IoT News Roundup

ABI Research gives sunny outlook for beacon industry; Electric Imp debuts vertical platform for manufacturing; CNET decides smart home could use some work; ThingWorx 7.0 features new device-management tools.
By Mary Catherine O'Connor

CNET Smart Home Trail Results: Mixed But Promising
Last year, a group of CNET editors took their work home with them. They relocated to a model smart home in Louisville, Ky., into which they installed a bevy of wirelessly networked products to remotely control and access everything—from the lighting to the doorbell to the fire alarm and the vacuum cleaner. The team has now begun reporting its findings. "Much more needs to be done to help educate consumers around the nuances and complexities of smart home technology," the editors said in a statement. And CNET's Smart Home website contains a number of video reviews of the appliances and systems that were evaluated inside the home.

For example, editor Ashlee Clark Thompson reviewed Samsung's Wi-Fi-connected oven, which enables such features as using a phone to start pre-heating the oven before getting home. But Thompson calls out Samsung's "finicky" app that can be difficult to pair up with the oven. What's more, given oven performance that is "just okay," she found it difficult to justify the appliance's $3,000 price tag.

While the technology and user interfaces that power smart-home products could use improvements, the editors still consider the category promising. They say many products "present significant upside potential."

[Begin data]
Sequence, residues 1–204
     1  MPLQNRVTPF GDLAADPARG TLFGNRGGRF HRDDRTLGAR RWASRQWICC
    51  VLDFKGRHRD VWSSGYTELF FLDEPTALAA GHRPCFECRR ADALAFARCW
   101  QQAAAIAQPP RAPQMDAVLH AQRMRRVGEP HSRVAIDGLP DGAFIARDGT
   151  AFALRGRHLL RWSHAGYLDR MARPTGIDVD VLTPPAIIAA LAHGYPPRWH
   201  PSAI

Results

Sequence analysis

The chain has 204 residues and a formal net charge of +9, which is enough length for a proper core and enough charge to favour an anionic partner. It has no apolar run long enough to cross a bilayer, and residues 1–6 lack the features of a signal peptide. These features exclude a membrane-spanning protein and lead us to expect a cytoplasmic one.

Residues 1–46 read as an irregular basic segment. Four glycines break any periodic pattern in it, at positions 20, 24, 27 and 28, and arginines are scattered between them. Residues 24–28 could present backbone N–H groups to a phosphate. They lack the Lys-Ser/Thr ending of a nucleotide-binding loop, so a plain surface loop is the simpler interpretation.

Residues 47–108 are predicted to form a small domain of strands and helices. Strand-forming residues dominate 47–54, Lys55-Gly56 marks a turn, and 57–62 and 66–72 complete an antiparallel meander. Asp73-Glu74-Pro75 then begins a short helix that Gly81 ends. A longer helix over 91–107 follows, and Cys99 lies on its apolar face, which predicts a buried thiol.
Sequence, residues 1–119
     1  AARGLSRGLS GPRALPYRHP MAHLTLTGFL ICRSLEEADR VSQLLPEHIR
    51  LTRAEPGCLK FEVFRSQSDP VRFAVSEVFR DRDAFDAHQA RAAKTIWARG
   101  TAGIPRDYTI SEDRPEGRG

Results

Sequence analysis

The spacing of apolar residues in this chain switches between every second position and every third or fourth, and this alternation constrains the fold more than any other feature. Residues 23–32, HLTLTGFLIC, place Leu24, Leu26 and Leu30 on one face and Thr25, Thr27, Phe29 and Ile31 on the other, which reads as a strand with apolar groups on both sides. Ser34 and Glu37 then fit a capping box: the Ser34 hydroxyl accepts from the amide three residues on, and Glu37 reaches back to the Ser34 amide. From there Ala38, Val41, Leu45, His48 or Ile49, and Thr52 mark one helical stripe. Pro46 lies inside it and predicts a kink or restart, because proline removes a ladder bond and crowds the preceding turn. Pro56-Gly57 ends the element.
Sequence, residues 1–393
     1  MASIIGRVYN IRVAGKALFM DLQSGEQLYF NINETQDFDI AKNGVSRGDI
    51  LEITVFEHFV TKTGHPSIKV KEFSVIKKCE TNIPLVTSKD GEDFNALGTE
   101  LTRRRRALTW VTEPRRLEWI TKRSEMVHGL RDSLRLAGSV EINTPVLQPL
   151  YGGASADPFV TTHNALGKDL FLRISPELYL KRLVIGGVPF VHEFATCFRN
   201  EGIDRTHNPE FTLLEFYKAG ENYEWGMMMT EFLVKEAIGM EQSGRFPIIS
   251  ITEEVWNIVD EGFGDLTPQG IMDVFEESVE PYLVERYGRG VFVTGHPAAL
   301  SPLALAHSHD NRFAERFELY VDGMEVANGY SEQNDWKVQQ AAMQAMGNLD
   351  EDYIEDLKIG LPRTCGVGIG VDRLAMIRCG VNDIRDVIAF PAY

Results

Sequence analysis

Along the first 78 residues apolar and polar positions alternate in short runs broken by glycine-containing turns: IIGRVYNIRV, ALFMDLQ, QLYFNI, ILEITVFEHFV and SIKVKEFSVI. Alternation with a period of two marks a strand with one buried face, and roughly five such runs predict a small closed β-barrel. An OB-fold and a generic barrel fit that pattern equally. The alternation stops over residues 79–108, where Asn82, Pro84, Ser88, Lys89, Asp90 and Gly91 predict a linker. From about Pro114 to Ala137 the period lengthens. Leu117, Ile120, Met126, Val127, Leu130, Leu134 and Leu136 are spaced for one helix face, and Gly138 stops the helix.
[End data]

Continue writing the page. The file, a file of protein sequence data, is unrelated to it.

CNET teamed up with Coldwell Banker Real Estate, one of the sponsors of the living laboratory project, to co-develop a definition of the smart home. The resulting definition—the purpose of which is largely to serve as a marketing tool for the real estate and insurance industries—is: "A home that is equipped with network-connected products (aka 'smart products,' connected via Wi-Fi, Bluetooth or similar protocols) for controlling, automating and optimizing functions such as temperature, lighting, security, safety or entertainment, either remotely by a phone, tablet, computer or a separate system within the home itself."

Additional criteria: "In order to be categorized as a smart home, the property must have a smart security feature that either controls access or monitors the property or a smart temperature feature, in addition to a reliable Internet connection." And it must have two additional features from a list of eight options, which include lighting, safety and appliances.

Travelers' Insurance, another sponsor of the living laboratory experiment, recently announced that customers with qualifying smart-home devices, such as smart smoke detectors and security systems that alert homeowners through their smartphones, are eligible for a discount on their homeowners insurance.

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